The goal is to create the largest, high-density population of bitcoin users in the world, and almost all of them are going to be among the unbanked. So one of the things we are curious about is how they are going to use it: will they start sending each other money, or spending it on local businesses?

We are working with the government of the island, so we still can’t say where this is going to be.

So it is actually a real, physical party?

Yes. We are going to play some music, teach them how bitcoin works, put up some ATMs, and reach out to local business, so they accept it.

We are receiving donations, to reach these unbanked people, and to get bitcoin out of the western-internet bubble that it is currently in.

Editor’s note: the Let the Bit Drop party has been postponed until after the new year.

Elisa Vásquez Elisa Vásquez

Elisa Vásquez is a Venezuelan journalist with experience covering social and community topics. Her specialty is human rights education and international solidarity. She reports from Panama City. Follow her on Twitter @elisavasquez88.

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Hunt for Pablo Escobar Reveals Drug War’s Brutal Reality

By: Adriana Peralta - @AdriPeraltaM - Aug 13, 2014, 12:32 pm
ft-pablo-escobar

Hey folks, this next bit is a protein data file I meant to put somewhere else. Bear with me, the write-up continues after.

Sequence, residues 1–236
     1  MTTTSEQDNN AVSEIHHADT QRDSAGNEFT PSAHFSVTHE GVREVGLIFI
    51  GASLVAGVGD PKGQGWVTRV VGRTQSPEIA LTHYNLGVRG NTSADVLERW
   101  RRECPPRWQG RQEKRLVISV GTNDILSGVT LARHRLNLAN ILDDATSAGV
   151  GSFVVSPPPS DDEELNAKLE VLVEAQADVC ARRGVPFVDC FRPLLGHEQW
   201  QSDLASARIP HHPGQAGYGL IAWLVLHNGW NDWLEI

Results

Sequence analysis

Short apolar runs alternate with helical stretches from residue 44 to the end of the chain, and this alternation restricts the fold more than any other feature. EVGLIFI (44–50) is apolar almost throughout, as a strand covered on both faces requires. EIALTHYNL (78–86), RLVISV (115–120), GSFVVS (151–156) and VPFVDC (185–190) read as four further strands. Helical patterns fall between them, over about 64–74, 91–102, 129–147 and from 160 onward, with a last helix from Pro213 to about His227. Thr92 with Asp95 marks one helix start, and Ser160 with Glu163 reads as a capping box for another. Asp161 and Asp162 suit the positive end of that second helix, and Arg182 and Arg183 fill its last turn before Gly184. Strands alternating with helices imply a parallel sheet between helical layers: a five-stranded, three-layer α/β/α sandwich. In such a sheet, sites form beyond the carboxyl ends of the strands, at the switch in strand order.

EspañolFrom the late 1980s until 1993, Colombia and the United States chased the biggest drug trafficker that had ever existed: Pablo Emilio Escobar Gaviria, AKA the "Doctor." After his death, drug-trafficking cartels in Colombia were restructured, shifting the balance of power in the drug trade. The following books are but three in a vast library published on the life, rise, and fall of the Colombian drug lord, as well as the culture that shaped this emblematic figure. Killing Pablo by Mark Bowden Mark Bowden writes one of the most comprehensive analyses of the phenomenon that Pablo Escobar represented. Bowden divides the book into six chapters, narrating the various phases of the war against Pablo Escobar and the Medellín Cartel. The story spans several years, from the time the Doctor blew up an Avianca plane in midair, through the era of “Los Pepes” — a paramilitary group formed by other drug lords that also sought to kill Escobar — until the day he died. The book begins with an introduction to Colombian society and its way of life in 1948. With a brief but direct summary of events, Bowden explains how the assassination of charismatic politician and former presidential candidate Jorge Eléicer Gaitán changed Colombia. The murder of Eléicer Gaitán led to a series of violent protests that became known as the "Bogotazo." These events sparked one of the bloodiest periods in Colombian history called "La Violencia," a time of national instability and a 10-year civil war between the Conservative Party and the Liberal Party. It was this period in history, which left between 200,000 and 300,000 dead, that shaped the personality of Pablo Escobar. Through the pages of Killing Pablo, Bowden gradually pieces together Escobar's complex personality. He explains Escobar's cold indifference when committing murder, his strategic mind, and above all, his need to be a "benefactor" to his people. Bowden tells the tale of a man who desired to be recognized, respected, admired, and feared all at the same time, set to the background of counter-narcotics policies in the United States and Colombia during the 1980s. The United States plays an important role in this book. It was the military and economic engine behind the hunt for Escobar. One of the main characters in the book is Steve Jacoby, a US citizen and leader of the group Centra Spike, a spy unit specializing in electronic surveillance. Jacoby, alongside Colonel Hugo Martínez, head of the Colombian group Search Bloc, led the chase for Escobar. Killing Pablo is a recommended read for political and economic analysis of the chase for the Colombian drug lord, as well as insight into the minds of those who chased after him. News of a Kidnapping by Gabriel García Márquez Colombian Nobel Laureate Gabriel García Márquez could not help but write about the most important person in Colombia's modern history. Published in 1996, this book is as good as Killing Pablo, but the complete opposite in terms of narrative style. With the keen ability to make the reader feel what the characters in his stories are suffering through, García Márquez takes us through the events of November 1990 to June 1991. This was the time period in which Escobar's group "The Extraditables" negotiated their surrender with the Colombian central government. Ironically, the group was known for its motto, "We prefer a grave in Colombia to a jail cell in the United States." As a way of negotiating, The Extraditables committed a series of kidnappings of Colombian high society figures. They targeted politician's wives, the president's daughters, owners of major print media — all done as a way to leverage a more favorable agreement for themselves. García Márquez wrote the book with alternating chapters, taking the reader back and forth between the negotiations led by Alberto Villamizar, a Colombian politician whose wife had been kidnapped by the group, and the experiences of the hostages in the months they were held captive. This book does not shine for its political analysis, but unlike Bowden's Killing Pablo, which methodically analyzes each of the personalities in the story, News of a Kidnapping is a literary gem that allows the reader to feel the humanity of each person involved in the kidnappings. The book focuses on the personal drama lived by each person, with words that may at times make the reader laugh, and others that relay the suffering of each of those involved. At the Devil's Table by William Rampel After the death of Pablo Escobar, the drug trade in Colombia underwent a serious transformation. William Rempel's At the Devil's Table focuses on this period based on the inside story of the former Cali Cartel member and Colombian Army official who confided in him, Jorge Salcedo. The book begins with the last few years of Escobar's reign, and in particular the era of Los Pepes, in order to provide readers with the necessary context to understand what Salcedo lived through. Salcedo, who now lives in the United States under a new name in the witness protection program, worked for the Medellín rival Cali Cartel as a security advisor. The Cali Cartel then hired him to organize an operation to kill Escobar. Salcedo says he believed it was a noble task, considering the evil that Escobar had caused his country, but promised himself he would never kill anyone or allow himself to be stained by the blood and corruption that ran all around him. Salcedo became increasingly involved in the operations of the Cali Cartel and soon the gained the confidence of the group's leaders, the Rodríguez Orejuela brothers. Before long, Salcedo says he realized it would be impossible to leave the cartel alive. In a desperate attempt to protect himself and his family, he decided to do something even more risky: contact the CIA and attempt to destroy the cartel from within. At the Devil's Table is a book full of intrigue told from Salcedo's perspective. Even knowing he will survive in the end, it is a story that is impossible to put down from the moment it begins. These three books are just a sample of the history of the war on drugs in one small part of the world. Two governments conspired to kill Pablo Escobar, the hostages were returned, and the Cali Cartel was brought down. The drug trade, however, did not die with the Doctor, or even in Colombia. In today's world, the playing field for the drug trade has shifted from South America to Mexico and Central America. The production and trade of narcotics simply moved to other countries. Millions of dollars wasted and thousands of lives lost, and the drug trade is more vibrant and lucrative than ever. The story of Pablo Escobar and the hunt to take him down exemplify the bloodiest and most dangerous aspects of this absurd war. Prohibition creates fertile ground for black markets and megalomaniacs seeking power, leaving a trail of death and corruption all the way through Latin America.